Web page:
Medicines Patent Pool Director Ellen ‘t Hoen To Leave Next Month

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Executive Director Ellen ‘t Hoen is departing the Medicines Patent Pool, the cutting edge UN spin-off project that works to lower prices on and stimulate new development of HIV medicines and other products through negotiating voluntary licence agreements. According to a release, ‘t Hoen has fulfilled the mission of guiding the organisation from a startup onto “firm footing” and has informed the Board that she will leave on 1 May.

“It was agreed, when becoming Executive Director, that she would leave once she had established the Pool on a firm footing,” Medicines Patent Pool Chair Charles Clift said in a statement. “She has done this magnificently and also created a dedicated and highly skilled team which will allow a seamless transition to her successor.”

‘t Hoen, who is highly regarded in the public health field, will remain an advisor to the Medicines Patent Pool. The search has already begun for the next director, and the job announcement is posted here.

Meanwhile, Medicines Patent Pool General Counsel Chan Park has agreed to serve as interim executive director. Chan will return to the general counsel post after the permanent position is filled, the release said.

The Board strongly praised the work of ‘t Hoen, who previously held a high-impact role at Médecins Sans Frontières (MSF, Doctors without Borders).

“Ellen has headed the initiative since 2009 when it began as an internal project at UNITAID,” Clift said. “From there she took it through to its establishment as an independent entity in 2010, and has developed the Pool to become an important player in the field of HIV treatment. Ellen took a germ of an idea and with her formidable skill, energy and commitment to public health, built it in a very short time into a strong and stable institution capable of delivering real improvements in access to medicines for people living with HIV today.”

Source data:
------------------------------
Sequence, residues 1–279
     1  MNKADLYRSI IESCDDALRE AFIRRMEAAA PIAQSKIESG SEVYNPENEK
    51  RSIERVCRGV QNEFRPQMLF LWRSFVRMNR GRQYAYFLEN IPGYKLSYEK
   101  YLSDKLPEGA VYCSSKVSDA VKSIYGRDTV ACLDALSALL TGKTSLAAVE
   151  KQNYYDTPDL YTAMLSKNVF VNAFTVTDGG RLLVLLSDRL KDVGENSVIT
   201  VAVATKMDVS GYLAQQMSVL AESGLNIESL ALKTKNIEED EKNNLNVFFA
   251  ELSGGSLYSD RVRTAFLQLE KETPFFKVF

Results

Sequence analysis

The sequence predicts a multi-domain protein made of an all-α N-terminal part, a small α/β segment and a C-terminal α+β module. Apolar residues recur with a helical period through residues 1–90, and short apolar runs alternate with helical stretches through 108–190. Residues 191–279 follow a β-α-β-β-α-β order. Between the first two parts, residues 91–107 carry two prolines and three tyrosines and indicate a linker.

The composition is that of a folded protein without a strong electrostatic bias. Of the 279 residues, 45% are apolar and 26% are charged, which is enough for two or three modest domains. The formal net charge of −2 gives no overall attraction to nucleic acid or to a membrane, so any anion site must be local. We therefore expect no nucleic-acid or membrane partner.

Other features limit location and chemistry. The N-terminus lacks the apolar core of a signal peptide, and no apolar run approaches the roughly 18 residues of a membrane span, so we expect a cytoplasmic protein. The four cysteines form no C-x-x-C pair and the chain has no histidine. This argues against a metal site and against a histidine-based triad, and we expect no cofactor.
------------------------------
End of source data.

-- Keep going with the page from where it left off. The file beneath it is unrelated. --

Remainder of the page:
“Thanks to her efforts,” he said, “the Pool enjoys broad support from a range of stakeholders, including leading pharmaceutical companies, global health institutions, governments, NGOs, and communities of people living with HIV. In December 2011 the UNITAID Board showed its confidence in the Pool by confirming its commitment to a further four years of funding.”

The Medicines Patent Pool’s mission is “to bring down the prices of HIV medicines and other products needed for the treatment and prevention of HIV, and facilitate the development and production of improved formulations, by providing access to intellectual property relating to these products.”

William New may be reached at

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  1. says

    Ellen ‘t Hoen will be a hard act to follow. She persuaded diverse governments to support the creation of the MPP, hired a very talented staff, and brought in the first licenses, the value of which will be likely be more fully appreciated down the road. She also created new standards for transparency of patent licensing, by publishing MPP license offers and company responses, and the full text of license agreements, while also providing the public opportunities to engage directly with the MPP staff. Her leadership will be missed.


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